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Sports 2016, 4(4), 50; doi:10.3390/sports4040050

Vegetarian, Gluten-Free, and Energy Restricted Diets in Female Athletes

1
School of Medicine, Department of Nutrition, Case Western Reserve University, WG 48, 2109 Aldebert Rd., Cleveland, OH 44106-4954, USA
2
School of Biological and Population Sciences, Nutrition and Exercise Science, Oregon State University, 103 Milam Hall, Corvallis, OR 97331, USA
*
Author to whom correspondence should be addressed.
Academic Editor: Beat Knechtle
Received: 22 August 2016 / Revised: 2 October 2016 / Accepted: 8 October 2016 / Published: 21 October 2016
(This article belongs to the Special Issue Sport Nutrition for Health and Performance)
View Full-Text   |   Download PDF [219 KB, uploaded 21 October 2016]

Abstract

Female athletes who follow a diet that fails to meet energy and nutrient needs are at risk for musculoskeletal injuries, menstrual disturbances, and poor sports performance. Common nutritional concerns for the female athlete include low energy availability (EA) (i.e., energy intake from food remaining for metabolic processes after accounting for energy expended during exercise) and inadequate dietary intakes (i.e., not meeting sports nutrition guidelines) of carbohydrates, protein, essential fatty acids (EFAs), B-vitamins, calcium, iron, and vitamin D. Low EA and the associated nutrient deficiencies are more common in athletes who compete in weight-sensitive sports (i.e., aesthetic, gravitational, and weight category sports) because low body fat and mass confer a competitive advantage. Other athletes at risk for energy and nutrient deficits include athletes following a vegetarian or gluten-free diet (GFD). Careful dietary planning can help an athlete meet energy and nutrient needs. This review covers the nutrition issues associated with low EA and special diets (i.e., vegetarian and GFD) and describes strategies to help female athletes meet their energy and nutrient needs. View Full-Text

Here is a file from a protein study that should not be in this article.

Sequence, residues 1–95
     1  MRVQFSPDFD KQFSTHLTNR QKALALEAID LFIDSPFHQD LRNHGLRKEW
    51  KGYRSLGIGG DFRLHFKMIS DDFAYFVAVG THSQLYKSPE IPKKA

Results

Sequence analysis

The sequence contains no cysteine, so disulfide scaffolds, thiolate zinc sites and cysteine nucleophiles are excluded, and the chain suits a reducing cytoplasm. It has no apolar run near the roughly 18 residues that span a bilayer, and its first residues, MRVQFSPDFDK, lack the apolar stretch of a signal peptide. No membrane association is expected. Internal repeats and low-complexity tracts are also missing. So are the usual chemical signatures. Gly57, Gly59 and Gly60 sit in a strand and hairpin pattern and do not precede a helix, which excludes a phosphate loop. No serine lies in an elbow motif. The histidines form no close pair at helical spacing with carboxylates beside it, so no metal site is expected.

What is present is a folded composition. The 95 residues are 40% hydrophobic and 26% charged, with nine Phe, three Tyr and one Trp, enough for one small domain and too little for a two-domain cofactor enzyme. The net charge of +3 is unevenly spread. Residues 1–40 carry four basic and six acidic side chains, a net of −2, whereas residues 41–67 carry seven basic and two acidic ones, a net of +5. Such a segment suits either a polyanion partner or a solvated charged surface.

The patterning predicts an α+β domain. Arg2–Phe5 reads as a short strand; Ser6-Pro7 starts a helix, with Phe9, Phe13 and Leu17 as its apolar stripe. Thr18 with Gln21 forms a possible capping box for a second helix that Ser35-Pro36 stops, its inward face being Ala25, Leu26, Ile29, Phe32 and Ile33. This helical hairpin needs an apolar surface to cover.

Keywords: energy availability; bone health; amenorrhea; sports performance; disordered eating; active females energy availability; bone health; amenorrhea; sports performance; disordered eating; active females
This is an open access article distributed under the Creative Commons Attribution License which permits unrestricted use, distribution, and reproduction in any medium, provided the original work is properly cited. (CC BY 4.0).

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MDPI and ACS Style

Cialdella-Kam, L.; Kulpins, D.; Manore, M.M. Vegetarian, Gluten-Free, and Energy Restricted Diets in Female Athletes. Sports 2016, 4, 50.

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